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Nicholas Addison Thomas

Director of Content Marketing for the National Council for Mental Wellbeing

Putting Addiction into Focus: A Podcast with Tom Hill

January 7, 2021 | Addiction Treatment | Comments
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In a new episode of Behavioral Health Today, a podcast by Triad Behavioral Health, host Graham Taylor, PhD, sat down with the National Council’s senior advisor for addiction recovery, Tom Hill, MSW, to discuss the recovery process, the power of community and other topics that provide a broader view into addiction and recovery. Listen to the podcast below, view the transcript or continue reading for a learning preview.

On the challenges of starting the recovery journey:

Tom Hill: “I often liken it to somebody who is airdropped into a foreign country where they don’t know the language, they don’t have the currency, they don’t know the customs, and they have to unlearn and relearn everything in a moment. For me and my recovery journey, everything I thought was right was actually counterintuitive. I had to relearn so many things. It’s very difficult to do it alone. That’s why we recover best in a community. We need that connection with other people who’ve gone through, or are going through, the same thing.”

On the importance of peer involvement in the recovery process:

TH: “Lived experience equals lived expertise. We need to see people in recovery as experts of their own lives, as well as experts in recovery. And that expertise is the same as if you have a doctorate degree. There’s a level playing field there regarding what experience looks like, which is why having a community is so important. Connecting with someone who’s ‘been there, done that,’ and who can help you walk through that, that’s powerful.

“Addiction is a chronic condition, not an acute condition. There is no cure, but you can manage it. And it’s easier to do that in a peer setting than by yourself, because behavioral change is very difficult. No matter what you go through, you will always have a support network and a community that can absorb some of that trauma, pain, shame and all of the other things you’re working through. People will hold it for you.”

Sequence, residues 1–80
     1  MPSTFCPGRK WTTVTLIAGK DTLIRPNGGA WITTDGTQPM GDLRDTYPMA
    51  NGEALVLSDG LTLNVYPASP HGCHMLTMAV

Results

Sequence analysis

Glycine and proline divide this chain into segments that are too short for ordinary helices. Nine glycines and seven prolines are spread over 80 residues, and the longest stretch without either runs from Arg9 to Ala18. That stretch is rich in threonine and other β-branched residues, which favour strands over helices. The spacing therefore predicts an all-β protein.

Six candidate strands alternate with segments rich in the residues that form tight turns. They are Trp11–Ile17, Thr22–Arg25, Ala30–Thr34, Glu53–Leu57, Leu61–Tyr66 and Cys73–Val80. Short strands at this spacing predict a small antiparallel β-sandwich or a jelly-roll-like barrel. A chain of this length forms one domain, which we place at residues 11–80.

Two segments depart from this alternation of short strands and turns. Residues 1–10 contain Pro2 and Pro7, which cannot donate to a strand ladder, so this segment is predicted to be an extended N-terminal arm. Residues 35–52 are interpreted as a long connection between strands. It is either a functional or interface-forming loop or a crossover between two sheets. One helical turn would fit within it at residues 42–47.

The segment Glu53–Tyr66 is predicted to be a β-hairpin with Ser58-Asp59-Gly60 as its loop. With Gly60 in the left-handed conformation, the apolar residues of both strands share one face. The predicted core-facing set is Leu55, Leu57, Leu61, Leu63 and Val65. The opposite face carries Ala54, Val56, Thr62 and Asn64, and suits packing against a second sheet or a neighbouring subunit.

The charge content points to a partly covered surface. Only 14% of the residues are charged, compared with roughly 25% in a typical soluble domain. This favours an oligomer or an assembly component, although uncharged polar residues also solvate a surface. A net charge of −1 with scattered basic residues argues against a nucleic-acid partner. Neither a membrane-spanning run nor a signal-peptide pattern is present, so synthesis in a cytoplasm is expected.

On seeing addiction through a trauma-informed lens:

TH: “Trauma, I think, is a very helpful framework. Substance use and addiction can happen to anyone, especially those who have adverse childhood experiences and trauma in their background. If I had a trauma-informed framework early on in my recovery, it would have helped me so much. I was dealing with things I couldn’t name. A lot of unresolved things around shame and my sexual orientation. And then in early recovery, I had this clarity. I had all of the pieces, but I didn’t have a framework to fit them into.”

On understanding the shame that may occur during recovery:

TH: “The significance is in acknowledging the shame and working through it, along with realizing that it doesn’t own you and that you can shed it. You can reauthor your story – reduce or get rid of shame – and that’s a very empowering thing. It’s also why early recovery can be so exciting for people because they can feel very liberated in terms of old baggage being left behind, and processes and skills are needed for that to happen.”

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